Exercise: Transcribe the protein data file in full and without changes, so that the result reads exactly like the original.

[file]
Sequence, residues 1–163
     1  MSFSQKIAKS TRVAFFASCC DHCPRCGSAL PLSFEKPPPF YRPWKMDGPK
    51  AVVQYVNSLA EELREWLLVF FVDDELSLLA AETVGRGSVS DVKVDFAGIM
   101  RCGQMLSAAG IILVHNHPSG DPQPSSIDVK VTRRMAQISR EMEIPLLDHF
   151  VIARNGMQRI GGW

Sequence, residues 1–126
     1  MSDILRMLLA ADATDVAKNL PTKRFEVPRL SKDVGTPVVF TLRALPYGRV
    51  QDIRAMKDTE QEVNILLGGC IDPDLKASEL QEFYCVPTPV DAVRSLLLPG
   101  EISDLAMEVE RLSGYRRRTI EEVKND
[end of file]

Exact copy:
Sequence, residues 1–163
     1  MSFSQKIAKS TRVAFFASCC DHCPRCGSAL PLSFEKPPPF YRPWKMDGPK
    51  AVVQYVNSLA EELREWLLVF FVDDELSLLA AETVGRGSVS DVKVDFAGIM
   101  RCGQMLSAAG IILVHNHPSG DPQPSSIDVK VTRRMAQISR EMEIPLLDHF
   151  VIARNGMQRI GGW

Sequence, residues 1–126
     1  MSDILRMLLA ADATDVAKNL PTKRFEVPRL SKDVGTPVVF TLRALPYGRV
    51  QDIRAMKDTE QEVNILLGGC IDPDLKASEL QEFYCVPTPV DAVRSLLLPG
   101  EISDLAMEVE RLSGYRRRTI EEVKND